Reprinted from the “Shelton Shares” Column in Attorney at Law Magazine
If you’re a lawyer, you know the importance of confidentiality. From highly sensitive lawsuits to top-secret mergers and acquisitions to patents on artificial intelligence, law firms hold some of the most confidential information in the world. But what happens when that confidentiality is compromised by an unlikely culprit – TikTok?
Yes, you read that right. TikTok, the social media platform known for its viral dance challenges and lip-syncing videos, has become a major risk for law firms. The platform’s network access and potential for unauthorized access to highly confidential files and information can be catastrophic for law firms and their clients.
It’s about access. TikTok has access to a user’s network connections, which means that the platform can potentially access the user’s contacts, messages, and other files stored on their devices. For law firms, this means that a paralegal watching TikTok in the bathroom, has given the social media platform that is at least partly owned by the Chinese government, access to every attorney’s laptop that is on the same Wi-Fi network!
Think about that. While Europe and the United States have data privacy laws in place to protect their citizens, the Chinese have no such restrictions with your data. Highly confidential files and information about lawsuits, mergers & acquisitions, internal investigations, patents, and other sensitive information can be compromised. Every detail of a client’s trust funds or celebrity divorce can be bought and sold without compunction or consequence.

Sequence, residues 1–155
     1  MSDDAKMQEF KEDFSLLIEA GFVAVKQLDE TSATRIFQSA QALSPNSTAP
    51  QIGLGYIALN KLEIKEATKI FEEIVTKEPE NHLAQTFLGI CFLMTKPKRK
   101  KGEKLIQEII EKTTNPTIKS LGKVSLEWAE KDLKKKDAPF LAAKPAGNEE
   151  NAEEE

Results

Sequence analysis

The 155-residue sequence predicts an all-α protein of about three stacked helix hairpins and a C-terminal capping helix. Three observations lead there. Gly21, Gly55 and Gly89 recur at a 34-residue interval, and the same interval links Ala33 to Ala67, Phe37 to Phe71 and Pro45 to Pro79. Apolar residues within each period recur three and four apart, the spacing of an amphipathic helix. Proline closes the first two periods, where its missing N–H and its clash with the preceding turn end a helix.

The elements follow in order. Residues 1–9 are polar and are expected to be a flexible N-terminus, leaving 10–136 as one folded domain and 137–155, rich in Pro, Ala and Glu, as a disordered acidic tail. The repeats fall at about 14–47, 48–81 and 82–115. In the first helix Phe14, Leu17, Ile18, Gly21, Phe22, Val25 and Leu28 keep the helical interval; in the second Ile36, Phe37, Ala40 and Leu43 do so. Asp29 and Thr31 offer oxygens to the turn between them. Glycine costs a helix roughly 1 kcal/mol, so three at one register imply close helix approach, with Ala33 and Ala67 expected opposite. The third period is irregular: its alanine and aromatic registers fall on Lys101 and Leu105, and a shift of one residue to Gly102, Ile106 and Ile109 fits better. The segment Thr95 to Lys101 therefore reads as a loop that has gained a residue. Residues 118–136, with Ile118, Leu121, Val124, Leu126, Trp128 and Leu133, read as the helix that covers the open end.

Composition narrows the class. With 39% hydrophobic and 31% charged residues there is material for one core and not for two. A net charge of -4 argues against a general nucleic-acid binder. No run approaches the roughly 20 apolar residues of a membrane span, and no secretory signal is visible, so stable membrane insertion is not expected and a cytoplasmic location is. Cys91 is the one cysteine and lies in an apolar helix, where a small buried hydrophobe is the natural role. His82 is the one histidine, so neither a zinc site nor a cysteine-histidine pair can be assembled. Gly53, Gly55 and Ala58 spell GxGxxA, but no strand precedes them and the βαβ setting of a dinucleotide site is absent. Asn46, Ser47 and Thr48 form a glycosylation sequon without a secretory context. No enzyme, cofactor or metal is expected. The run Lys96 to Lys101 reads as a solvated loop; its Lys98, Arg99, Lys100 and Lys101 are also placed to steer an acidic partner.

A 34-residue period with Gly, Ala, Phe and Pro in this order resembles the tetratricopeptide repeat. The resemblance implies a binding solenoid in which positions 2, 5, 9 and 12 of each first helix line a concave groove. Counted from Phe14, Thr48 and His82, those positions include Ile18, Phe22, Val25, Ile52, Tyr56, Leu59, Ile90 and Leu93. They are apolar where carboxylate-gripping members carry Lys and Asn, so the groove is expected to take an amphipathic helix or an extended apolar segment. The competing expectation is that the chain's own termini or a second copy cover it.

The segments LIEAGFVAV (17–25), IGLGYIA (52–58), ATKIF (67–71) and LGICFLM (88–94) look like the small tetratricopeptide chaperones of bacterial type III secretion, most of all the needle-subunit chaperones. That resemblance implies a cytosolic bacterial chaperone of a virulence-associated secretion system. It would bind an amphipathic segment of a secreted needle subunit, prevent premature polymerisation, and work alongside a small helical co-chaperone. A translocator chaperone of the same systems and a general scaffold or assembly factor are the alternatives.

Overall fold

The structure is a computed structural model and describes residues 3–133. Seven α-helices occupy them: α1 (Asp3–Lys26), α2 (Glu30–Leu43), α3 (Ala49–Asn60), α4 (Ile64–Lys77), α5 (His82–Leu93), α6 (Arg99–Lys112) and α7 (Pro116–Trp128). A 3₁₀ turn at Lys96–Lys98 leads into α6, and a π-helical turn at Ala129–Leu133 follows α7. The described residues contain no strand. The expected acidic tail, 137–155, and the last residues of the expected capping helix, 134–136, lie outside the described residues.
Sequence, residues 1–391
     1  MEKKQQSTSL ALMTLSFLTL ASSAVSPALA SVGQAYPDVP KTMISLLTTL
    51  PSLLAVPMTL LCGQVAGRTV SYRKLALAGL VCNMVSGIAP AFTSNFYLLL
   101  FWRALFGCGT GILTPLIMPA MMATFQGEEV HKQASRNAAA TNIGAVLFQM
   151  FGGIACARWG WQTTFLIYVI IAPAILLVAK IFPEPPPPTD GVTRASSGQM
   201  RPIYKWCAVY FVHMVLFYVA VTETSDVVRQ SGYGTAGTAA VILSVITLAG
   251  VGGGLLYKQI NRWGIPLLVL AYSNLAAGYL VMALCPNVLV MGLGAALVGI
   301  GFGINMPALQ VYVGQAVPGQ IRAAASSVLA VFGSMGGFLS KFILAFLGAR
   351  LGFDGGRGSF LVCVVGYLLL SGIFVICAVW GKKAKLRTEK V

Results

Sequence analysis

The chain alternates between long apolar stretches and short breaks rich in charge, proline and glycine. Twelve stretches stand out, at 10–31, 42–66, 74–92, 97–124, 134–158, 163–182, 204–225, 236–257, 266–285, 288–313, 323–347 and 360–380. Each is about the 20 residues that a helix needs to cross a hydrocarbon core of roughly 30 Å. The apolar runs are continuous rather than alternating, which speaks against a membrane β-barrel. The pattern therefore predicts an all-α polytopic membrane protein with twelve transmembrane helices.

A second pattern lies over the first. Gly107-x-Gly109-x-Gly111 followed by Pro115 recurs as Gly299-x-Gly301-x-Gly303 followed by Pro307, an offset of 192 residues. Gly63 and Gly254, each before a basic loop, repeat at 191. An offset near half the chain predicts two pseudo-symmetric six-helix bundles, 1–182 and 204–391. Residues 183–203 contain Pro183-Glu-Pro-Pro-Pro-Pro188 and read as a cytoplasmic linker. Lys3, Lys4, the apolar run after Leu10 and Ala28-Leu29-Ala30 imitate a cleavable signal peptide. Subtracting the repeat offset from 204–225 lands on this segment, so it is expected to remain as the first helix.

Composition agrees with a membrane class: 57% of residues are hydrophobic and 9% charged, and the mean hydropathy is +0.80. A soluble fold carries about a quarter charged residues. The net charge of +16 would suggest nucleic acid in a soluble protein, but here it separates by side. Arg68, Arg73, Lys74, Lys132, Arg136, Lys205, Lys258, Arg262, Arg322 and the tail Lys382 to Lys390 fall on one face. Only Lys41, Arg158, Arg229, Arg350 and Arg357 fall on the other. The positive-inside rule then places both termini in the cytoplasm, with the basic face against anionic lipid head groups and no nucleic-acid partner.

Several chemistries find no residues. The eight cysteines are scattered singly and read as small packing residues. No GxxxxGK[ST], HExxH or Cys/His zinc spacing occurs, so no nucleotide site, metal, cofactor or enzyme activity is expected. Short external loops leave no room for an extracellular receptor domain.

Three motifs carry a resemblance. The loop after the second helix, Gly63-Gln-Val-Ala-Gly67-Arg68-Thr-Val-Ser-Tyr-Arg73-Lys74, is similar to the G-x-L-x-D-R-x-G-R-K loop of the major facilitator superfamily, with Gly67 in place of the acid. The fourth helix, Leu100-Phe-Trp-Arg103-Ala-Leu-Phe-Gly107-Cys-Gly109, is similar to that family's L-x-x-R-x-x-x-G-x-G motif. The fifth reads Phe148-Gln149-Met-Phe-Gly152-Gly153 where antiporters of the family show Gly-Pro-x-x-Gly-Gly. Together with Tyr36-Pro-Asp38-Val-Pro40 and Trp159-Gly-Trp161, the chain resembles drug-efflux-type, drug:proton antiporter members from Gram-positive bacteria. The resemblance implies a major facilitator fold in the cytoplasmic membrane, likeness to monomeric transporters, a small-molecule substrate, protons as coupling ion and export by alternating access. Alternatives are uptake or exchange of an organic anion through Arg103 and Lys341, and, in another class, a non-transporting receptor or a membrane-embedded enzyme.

Additionally, the names of pets, favorite sports teams and family birthdays can easily be accessed – all from the cell phone of the paralegal in the bathroom. This data can also be used to hack passwords and make the entire firm vulnerable to cyber threats, such as hacking, phishing or data breaches.
But it gets worse. TikTok’s user agreement permits the platform to share user data – including their entire browsing history, with its partners and affiliates. Is it possible that one of your partners or associates might have something in their browsing history that might be compromising, unethical or even illegal? If so, that can be sold to dark web “data brokers.” The sharing of this data can easily compromise users’ privacy and potentially put them at risk for identity theft, fraud and even coercion.
For law firms, the potential for major lawsuits is a real threat. Clients trust law firms to keep their confidential information secure and protected, and a data breach can result in significant financial and reputational damage. Clients may file lawsuits against law firms for negligence or breach of contract, claiming that the firms failed to adequately protect their confidential information.
So, what can law firms do to protect their highly confidential data when their employees are inevitably going to be using TikTok? Here are four tips.
No. 1: Restrict Use on Work Devices
Law firms should consider prohibiting the use of TikTok on work devices, particularly those connected to their network. This can help to minimize the risk of unauthorized access to confidential information.
No. 2: Train Employees
Law firms should educate their employees on the risks of using TikTok and other social media platforms and provide guidelines on best practices for data privacy and protection. This can help to minimize the risk of employee errors or intentional breaches of confidential data.
No. 3: Use VPNs
Law firms should encourage employees to use Virtual Private Networks (VPNs) when accessing the internet on work devices, particularly when using public Wi-Fi networks. This can help to secure their connection and protect against unauthorized access.
No. 4: Monitor Network Access
Law firms should monitor network access and activity to detect any unauthorized access or unusual behavior that could indicate a data breach or security incident.
In conclusion, TikTok presents a significant risk to law firms and their highly confidential data. Law firms must take the necessary precautions to protect their data and confidentiality, and failure to do so could result in major lawsuits from clients. So, let this be a wake-up call for law firms. It’s time to take data privacy seriously, even on seemingly harmless social media platforms like TikTok.
Frederick Shelton is the CEO of Shelton & Steele and provides Rainmaking & Legal-Specific AI Consulting to lawyers and law firms. He can be reached at email@example.com